There are many other surface techniques as well, like staining with colored slips or pigments, burnishing areas to a sheen, adding appliques and textures with additional clay, and more. The options allow each clay ball to become a little work of art.

Use Cases

Clay balls have a variety of uses, depending on how they are produced.

One of the most common uses is for plant pots and planters. Air-dried clay balls work well for this purpose, as they allow moisture to soak through while still providing structure and shape. Small clay balls can be pressed into a mold to create a planter in any shape and size desired. Larger clay balls can be stacked or arranged into the shape of a pot. The clay balls give height for proper drainage while also wicking moisture to plant roots.

Clay balls are also popular for making toys and craft projects. Companies produce sets of small colored clay balls that can be used similarly to beads for bracelets, necklaces, and more. Air-dried and low-fired clay balls work well for sculpting and molding into shapes. They are lightweight enough for figurines and characters. These types of clay balls also allow kids to shape and create their own toys.

Higher-fired clay balls have structural integrity for things like plant water reservoirs, filtration media, and building materials. Their porosity and shape gives them useful properties for wicking, draining, filtering, and dividing space. Landscapers and engineers have come up with innovative ways to use clay balls for functional projects.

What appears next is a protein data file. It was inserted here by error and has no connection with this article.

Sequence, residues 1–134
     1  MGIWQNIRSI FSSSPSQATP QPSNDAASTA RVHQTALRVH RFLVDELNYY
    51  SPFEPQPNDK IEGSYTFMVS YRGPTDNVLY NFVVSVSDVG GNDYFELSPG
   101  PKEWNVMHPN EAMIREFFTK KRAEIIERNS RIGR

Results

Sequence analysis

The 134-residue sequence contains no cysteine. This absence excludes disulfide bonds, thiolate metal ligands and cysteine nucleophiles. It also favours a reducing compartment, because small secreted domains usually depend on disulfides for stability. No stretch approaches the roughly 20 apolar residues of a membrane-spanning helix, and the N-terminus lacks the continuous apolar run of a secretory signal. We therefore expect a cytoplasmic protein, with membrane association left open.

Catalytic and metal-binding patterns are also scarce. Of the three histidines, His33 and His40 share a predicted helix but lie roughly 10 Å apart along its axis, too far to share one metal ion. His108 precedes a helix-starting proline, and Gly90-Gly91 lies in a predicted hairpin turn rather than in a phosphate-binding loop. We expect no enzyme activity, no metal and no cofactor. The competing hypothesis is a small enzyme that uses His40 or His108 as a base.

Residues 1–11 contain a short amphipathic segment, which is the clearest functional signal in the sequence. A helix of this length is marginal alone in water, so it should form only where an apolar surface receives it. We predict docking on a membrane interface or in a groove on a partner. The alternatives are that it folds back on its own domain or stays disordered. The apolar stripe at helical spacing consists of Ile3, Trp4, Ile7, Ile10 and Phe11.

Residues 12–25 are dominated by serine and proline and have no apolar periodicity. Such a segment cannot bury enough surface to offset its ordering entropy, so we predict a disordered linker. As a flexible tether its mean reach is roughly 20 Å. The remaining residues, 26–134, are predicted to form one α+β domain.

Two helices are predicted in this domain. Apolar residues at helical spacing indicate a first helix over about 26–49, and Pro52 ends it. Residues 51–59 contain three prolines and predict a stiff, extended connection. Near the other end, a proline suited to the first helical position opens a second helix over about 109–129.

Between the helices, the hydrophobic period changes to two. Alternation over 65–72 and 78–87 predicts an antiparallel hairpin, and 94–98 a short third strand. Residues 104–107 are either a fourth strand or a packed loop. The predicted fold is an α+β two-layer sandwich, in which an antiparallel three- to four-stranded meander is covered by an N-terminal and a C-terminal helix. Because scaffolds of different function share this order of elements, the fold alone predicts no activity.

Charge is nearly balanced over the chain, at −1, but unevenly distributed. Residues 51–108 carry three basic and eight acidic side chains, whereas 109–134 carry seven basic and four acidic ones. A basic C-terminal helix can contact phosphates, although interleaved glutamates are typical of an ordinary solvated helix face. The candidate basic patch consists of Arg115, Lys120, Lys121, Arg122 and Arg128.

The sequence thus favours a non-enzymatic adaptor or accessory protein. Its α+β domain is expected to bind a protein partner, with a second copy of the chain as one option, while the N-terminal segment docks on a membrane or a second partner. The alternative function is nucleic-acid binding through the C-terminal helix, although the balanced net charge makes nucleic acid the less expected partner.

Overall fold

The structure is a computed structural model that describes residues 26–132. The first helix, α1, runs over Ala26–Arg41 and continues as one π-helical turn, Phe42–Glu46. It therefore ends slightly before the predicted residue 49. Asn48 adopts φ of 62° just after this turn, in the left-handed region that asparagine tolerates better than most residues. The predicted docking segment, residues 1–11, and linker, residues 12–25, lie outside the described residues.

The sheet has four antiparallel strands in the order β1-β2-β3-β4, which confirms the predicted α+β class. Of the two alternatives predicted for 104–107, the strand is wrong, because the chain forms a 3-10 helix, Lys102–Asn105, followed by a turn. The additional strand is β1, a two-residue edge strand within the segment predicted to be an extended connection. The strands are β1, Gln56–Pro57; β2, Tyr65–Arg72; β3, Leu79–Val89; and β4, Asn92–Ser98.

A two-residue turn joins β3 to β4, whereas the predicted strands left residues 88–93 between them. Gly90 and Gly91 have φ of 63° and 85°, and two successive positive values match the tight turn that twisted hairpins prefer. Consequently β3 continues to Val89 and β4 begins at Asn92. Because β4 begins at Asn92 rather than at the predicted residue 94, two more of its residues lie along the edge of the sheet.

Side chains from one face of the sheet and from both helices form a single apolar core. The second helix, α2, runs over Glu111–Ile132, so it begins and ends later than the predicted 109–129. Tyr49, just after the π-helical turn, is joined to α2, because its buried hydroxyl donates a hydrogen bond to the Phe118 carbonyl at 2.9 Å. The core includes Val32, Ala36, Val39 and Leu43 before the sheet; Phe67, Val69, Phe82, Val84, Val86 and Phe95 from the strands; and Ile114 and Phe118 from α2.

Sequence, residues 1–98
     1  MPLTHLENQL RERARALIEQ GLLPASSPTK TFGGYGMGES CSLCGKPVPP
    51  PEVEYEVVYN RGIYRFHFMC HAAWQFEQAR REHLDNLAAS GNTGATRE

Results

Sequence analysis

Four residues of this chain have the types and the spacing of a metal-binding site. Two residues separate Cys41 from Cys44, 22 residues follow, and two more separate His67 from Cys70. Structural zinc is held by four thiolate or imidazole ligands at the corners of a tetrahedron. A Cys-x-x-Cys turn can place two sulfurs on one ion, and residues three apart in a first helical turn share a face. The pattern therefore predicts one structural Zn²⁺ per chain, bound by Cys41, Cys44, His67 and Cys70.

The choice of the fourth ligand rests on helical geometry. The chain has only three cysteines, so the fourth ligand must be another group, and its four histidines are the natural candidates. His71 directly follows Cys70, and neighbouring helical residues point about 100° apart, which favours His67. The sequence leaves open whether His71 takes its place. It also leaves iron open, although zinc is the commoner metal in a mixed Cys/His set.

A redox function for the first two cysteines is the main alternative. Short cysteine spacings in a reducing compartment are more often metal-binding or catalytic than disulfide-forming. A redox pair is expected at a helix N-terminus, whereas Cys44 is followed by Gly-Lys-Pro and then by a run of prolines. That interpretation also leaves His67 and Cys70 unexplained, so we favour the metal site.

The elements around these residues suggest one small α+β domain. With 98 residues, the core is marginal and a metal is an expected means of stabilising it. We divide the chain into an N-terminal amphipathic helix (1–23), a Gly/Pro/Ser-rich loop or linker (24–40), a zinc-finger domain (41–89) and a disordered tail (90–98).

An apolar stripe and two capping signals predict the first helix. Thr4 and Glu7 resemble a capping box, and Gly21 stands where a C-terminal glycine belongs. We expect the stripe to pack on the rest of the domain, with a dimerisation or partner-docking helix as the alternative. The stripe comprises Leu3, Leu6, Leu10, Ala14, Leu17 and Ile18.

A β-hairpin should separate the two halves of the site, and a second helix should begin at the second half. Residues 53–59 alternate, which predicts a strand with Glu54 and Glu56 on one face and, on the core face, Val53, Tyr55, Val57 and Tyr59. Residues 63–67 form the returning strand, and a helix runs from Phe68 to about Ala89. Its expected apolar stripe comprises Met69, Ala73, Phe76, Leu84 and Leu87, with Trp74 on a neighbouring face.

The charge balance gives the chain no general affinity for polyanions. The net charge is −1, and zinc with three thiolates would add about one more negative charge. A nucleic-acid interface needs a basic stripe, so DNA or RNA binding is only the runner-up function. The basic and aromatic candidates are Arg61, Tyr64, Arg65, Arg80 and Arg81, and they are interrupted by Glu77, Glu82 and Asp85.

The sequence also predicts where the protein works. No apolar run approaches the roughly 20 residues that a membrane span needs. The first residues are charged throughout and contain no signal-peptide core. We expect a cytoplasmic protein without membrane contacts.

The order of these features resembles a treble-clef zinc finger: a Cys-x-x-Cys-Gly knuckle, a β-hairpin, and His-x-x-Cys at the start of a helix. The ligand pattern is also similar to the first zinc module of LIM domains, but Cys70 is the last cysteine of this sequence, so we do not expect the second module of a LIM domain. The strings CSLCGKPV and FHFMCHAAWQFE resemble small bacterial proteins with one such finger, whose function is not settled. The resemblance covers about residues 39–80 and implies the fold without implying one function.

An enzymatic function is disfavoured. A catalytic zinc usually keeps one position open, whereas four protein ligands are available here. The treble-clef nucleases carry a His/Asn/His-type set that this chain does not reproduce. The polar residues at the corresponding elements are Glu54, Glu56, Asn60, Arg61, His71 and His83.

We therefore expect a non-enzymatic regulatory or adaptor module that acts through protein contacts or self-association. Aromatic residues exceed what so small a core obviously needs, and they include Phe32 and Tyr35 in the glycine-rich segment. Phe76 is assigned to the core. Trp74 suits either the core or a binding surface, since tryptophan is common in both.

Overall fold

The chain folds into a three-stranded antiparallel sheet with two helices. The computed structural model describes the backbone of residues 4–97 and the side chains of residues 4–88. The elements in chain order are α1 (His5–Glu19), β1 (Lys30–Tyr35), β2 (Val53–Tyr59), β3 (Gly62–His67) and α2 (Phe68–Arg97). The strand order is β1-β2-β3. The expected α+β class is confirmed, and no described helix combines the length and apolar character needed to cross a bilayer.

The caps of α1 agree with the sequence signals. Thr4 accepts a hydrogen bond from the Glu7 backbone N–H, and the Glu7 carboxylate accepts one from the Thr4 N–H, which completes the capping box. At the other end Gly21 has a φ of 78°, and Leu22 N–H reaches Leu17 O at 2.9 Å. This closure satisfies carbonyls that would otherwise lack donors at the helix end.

With the range of production methods for clay balls, there are endless possibilities for using them in crafts, decor, hobbies, industrial applications, and more.


Throughout this article, we’ve explored the ingredients and processes used to create clay balls. The main component is clay, which can come from natural sources or be produced synthetically. To improve the properties and workability of the clay, additives like grog, vermiculite, and bentonite may be incorporated.

Once the clay mixture is prepared, it can be hand formed or molded into spheres. These unfired clay balls must then dry slowly and evenly to avoid cracking. The next step is firing the balls in a kiln, which hardens them through sintering. Optional decorating and glazing can occur before or after firing.

The versatility of clay allows balls to be customized for many applications. They can be used in crafts, flower pots, ball mills, pellet stoves, and more. With the right clay and technique, beautiful and functional clay balls can be achieved.